In terms of how I’m feeling, it still feels like I have a long way to go to get better. At best I feel kind of flat and everything is a sort of dull and fuzzy, with the occasional spike of something other than depression. These spike are sporadic and not very often.
I suppose what I’m trying to say is things are different but not necessarily better. I still have more than a few bad days and they seem more intense on than before. The voice that says I should kill myself seems more convincing, more regular, more insistent. Some days I think today is the day that I’ll do it.
Paradoxically I believe I can get better but at the moment I’m not doing it for me or because I want to get better. I think I want to get better for the sake of other people. This is what I must hold on to, it is my only driving force at the moment even if it is struggling.
The Ainsworth motto apparently is “spero meliora” or “I hope for better things (for the better)” so hope I must, hope that CBT works and that those who are willing and patient enough to put up with me continue to do so.
With the recent suicides of Chris Cornell and Chester Bennington, I feel it an appropriate time to talk about mental health issues and illness, as many people have done in recent weeks. I understand that my opinion is but a drop in the ocean and but I would hope that sharing my opinion and exeprerience of mental illness would encourage some discussion on the subject.
As a fan of both Audioslave and Linkin Park, I was shocked and saddened by the deaths of Chris Cornell and Chester Bennington. Their music was part of the soundtrack to my teenage years, so to lose two people who were a part of some important years of my life was a hard loss.
My own mental health is not something I find easy to talk about (this post has been in various draft forms for 3 weeks) but here goes. In 2012 I was diagnosed with depression, I’ve been on and off medication for it, I recently restarted taking the medication, I also have had counselling for it. Now this next bit is possibly going to be the hardest to write about or read, partly because it makes me realise how bad things are, I am suicidal and have been for a while. Even on medication and on the “good days”, I plan out how I’m going to commit suicide, it’s going to be one of two ways that I’ll use to take my own life, the question for me is not if, but when will I do it.
I have felt this way for what feels like a large part of the last two years. I find it difficult to put in to words how it feels to be suicidal or why I feel this way, but I’ll give it a go. Wanting to commit suicide is a constant, oppressive feeling in the back of your conscious, it’s always there, circling other things that you think about, occasionally forcing it’s way to the front and sitting there like are large, dense and heavy fog that refuses to shift on anyone else’s terms. It sucks of all motivation, even small things become difficult to do and the big things become astronomically unimportant and meaningless. It makes me realise how unimportant and useless I am how much of a burden I must be to those around me, how no-one really cares about me and why should they, I don’t deserve it, I’m not good enough.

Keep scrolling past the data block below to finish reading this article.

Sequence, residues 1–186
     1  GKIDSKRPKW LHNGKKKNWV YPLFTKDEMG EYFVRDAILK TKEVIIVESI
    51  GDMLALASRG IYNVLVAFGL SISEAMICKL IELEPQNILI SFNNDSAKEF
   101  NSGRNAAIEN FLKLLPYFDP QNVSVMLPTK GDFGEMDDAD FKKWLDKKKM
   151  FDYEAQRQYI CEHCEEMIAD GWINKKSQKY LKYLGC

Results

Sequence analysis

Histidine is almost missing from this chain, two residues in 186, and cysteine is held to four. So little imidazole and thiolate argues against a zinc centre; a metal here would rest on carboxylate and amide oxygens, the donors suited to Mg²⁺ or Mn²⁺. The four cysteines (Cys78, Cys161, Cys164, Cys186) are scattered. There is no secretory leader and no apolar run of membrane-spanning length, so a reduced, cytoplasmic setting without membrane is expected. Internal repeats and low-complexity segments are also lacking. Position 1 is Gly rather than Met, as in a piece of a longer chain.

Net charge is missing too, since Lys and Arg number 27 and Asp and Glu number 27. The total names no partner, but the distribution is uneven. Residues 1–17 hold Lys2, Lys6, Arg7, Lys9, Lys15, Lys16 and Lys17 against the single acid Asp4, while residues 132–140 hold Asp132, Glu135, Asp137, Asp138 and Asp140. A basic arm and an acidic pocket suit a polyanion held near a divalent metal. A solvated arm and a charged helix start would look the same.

It is times like these I look for distractions to shift my focus, these are one of three things usually, loud music (usually metal if anyone is interested), excercise or video games. These three things have helped me with the burden of depression, video games particularly because it’s somewhere where I get to be anyone but myself for a while. Loud music helps drown the voice that casts doubt on everything I do, that tells I don’t deserve to exist and that I’m a waste of space and time.
I’d like to say there’s a happy ending to this, that I bounce back to achieve something, but I’m not convinced, in fact the only thing I see is suicide, it is so consuming that I can’t see where my path takes me to whatever future is out there for me, I not sure how long it will go on for, but for now it will go on.
Well this medal was hard to earn, once again The Pain and Suffering lived up to its name. Although I’m relatively new to the concept of Obstacle Course Running (or Racing for more competent athletes), having only done four races in the past three years, The Pain and Suffering has become my favourite (the other races being The Major Series, completed three times, The Wolf Run, once and Tough Mudder a couple of months ago now).
The Suffering Race Series offer a few races and all distances are quoted as “no less than” and those distances are:
- Five kilometres
- Ten kilometres
- Ten Miles
For the bonkers few there is also a challenge called “Suffering Legends” which is all three distances in the same weekend, as the five and ten kilometre races are held on the Saturday and the ten mile race on the Sunday and they also offer a relentless challenge which is all three races on the same day. The Suffering race series takes place at rockingham castle in leicestershire.